Feeling overwhelmed by social media monitoring? If so, you’re not alone.
Thanks to relentless updates and countless ways to pull information, it’s no wonder that data extraction and analysis is an anxiety-provoking process. When you throw in fear of making data mistakes, it can almost be too much to handle. But we’ve got you covered.
It seems that for many marketers, collecting and dissecting qualitative and quantitative data is a bigger struggle than we’d like others to think. It’s unfortunate too, because there’s a wealth of information waiting out there, available to help refine your digital marketing strategy. If this rings true for you, you may suffer from these three common (yet fixable!) user-error data mistakes.
Data Mistake #1: Analyzing Without a Plan
While most know data analysis is a critical component of any campaign, sometimes marketers jump right in without a plan. That’s a surefire way to feel really lost, really fast.
In fact, in a recent study interviewing 600+ people, 85% admitted that they are unable to fully utilize data. I’ll bet it’s because many of them have no clue what they’re looking for, and definitely do not understand how the data can and should inform next steps.
A Better Choice
Instead of blindly monitoring out of obligation, be thoughtful about your research. Before scrolling, consider your long-term goals and specifically look for data points to support those objectives.
Data-driven decisions are the best kind of decisions because they remove opinion from the equation. For content and engagement planning purposes, as well as proving ROI, data is on your side.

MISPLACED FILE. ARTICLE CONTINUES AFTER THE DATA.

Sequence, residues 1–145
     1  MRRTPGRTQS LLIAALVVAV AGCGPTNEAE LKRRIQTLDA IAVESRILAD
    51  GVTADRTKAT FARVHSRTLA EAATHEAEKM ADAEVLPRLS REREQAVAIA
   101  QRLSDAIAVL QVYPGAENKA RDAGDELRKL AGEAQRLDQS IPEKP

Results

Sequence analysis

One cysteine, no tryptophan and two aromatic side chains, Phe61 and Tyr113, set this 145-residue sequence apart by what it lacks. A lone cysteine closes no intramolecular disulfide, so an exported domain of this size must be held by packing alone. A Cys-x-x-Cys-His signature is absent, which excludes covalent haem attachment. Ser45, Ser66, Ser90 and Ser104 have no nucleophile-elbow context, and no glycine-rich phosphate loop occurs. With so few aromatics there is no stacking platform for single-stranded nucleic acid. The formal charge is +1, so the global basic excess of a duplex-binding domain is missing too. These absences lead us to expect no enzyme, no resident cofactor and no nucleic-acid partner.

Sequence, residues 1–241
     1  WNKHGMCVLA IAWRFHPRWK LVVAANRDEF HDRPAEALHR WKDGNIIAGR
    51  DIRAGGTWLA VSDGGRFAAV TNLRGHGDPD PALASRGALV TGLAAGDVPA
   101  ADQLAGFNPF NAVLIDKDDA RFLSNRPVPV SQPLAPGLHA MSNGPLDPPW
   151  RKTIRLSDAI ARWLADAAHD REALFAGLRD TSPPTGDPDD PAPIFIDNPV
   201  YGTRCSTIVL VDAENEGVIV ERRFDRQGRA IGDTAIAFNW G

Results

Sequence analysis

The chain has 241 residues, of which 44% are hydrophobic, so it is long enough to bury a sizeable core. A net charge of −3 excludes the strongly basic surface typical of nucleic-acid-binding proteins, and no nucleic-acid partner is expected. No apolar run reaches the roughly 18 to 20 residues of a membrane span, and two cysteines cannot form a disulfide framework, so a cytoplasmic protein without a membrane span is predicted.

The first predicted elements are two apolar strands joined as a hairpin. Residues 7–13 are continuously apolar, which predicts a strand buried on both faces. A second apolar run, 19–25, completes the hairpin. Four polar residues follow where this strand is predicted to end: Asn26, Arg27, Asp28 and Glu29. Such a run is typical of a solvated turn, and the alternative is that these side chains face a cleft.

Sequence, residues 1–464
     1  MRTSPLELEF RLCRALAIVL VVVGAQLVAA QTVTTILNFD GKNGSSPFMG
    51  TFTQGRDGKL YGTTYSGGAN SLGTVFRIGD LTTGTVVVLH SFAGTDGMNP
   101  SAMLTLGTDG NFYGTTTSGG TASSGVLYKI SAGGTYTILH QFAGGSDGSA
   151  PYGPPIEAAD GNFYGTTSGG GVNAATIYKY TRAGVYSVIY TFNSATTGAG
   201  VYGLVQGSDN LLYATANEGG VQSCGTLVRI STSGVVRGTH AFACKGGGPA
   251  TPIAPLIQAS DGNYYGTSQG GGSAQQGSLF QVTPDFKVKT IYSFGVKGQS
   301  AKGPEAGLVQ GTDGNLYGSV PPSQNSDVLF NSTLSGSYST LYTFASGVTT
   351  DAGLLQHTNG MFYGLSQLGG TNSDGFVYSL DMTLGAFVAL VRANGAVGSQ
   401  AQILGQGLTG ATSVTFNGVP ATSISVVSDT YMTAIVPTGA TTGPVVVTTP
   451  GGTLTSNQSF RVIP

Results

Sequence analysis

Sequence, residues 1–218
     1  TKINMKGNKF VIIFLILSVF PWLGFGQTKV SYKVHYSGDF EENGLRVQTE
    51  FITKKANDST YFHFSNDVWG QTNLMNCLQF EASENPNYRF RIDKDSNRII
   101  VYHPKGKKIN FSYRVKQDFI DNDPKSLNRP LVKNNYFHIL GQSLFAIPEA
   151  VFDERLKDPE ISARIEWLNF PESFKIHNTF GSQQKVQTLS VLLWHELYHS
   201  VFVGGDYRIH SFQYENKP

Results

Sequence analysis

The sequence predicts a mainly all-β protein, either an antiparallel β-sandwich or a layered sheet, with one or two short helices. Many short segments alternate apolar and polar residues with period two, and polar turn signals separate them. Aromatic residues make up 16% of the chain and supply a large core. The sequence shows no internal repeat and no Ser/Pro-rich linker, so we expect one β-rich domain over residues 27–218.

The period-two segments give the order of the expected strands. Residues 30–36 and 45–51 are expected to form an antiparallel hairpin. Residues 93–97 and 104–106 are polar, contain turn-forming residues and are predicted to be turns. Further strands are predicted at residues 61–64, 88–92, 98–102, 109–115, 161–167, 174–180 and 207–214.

- Educate your boss
- Data is particularly helpful when you’re trying to demonstrate the success of your social media campaigns. For example, if your boss sees a couple of likes and shares on a competitor’s post, he or she may be completely convinced that the competitor has a better social media presence than your brand.
- Save your job (and your sanity) by using the data to defend your hard work. Show him or her that while that single post may have earned some attention, your brand has more followers and engagement on the platforms that matter more to your target audience. You might even want to walk them through your chosen tool, showing and telling about your impressive engagement results.
- Create the right content
- Since content marketing generates over three times as many leads as outbound marketing and costs 62% less, what you say, how you say it, and who you say it to is paramount to campaign success.
- If you have a new content campaign in mind but don’t want to invest the time and resources to create it yet if you’re unsure it will be successful, turn to the data: a quick scan of what’s worked well (and what hasn’t) for both you and your competitors in the past will help you make an educated guess about whether or not to proceed.
- If you do decide to proceed, take notes about what performs best. Identify tone of voice, content type, channels, ads, and commonly used hashtags and incorporate these best practices as you produce your own campaign.
- Find influential voices
- If one of your goals is to connect with industry power players (as it should be), use the Discover feature in your Rival IQ account to reveal a list of the top accounts sharing relevant content.
- From there, dive deep into their social media channels to see who they regularly interact with and the nature of their conversations. You can see what they talk about, review common hashtags and keywords, and observe typical questions and requests. These insights will shape the way you compose your social media posts, and also provides you an opportunity to respond to and share influencer content where appropriate.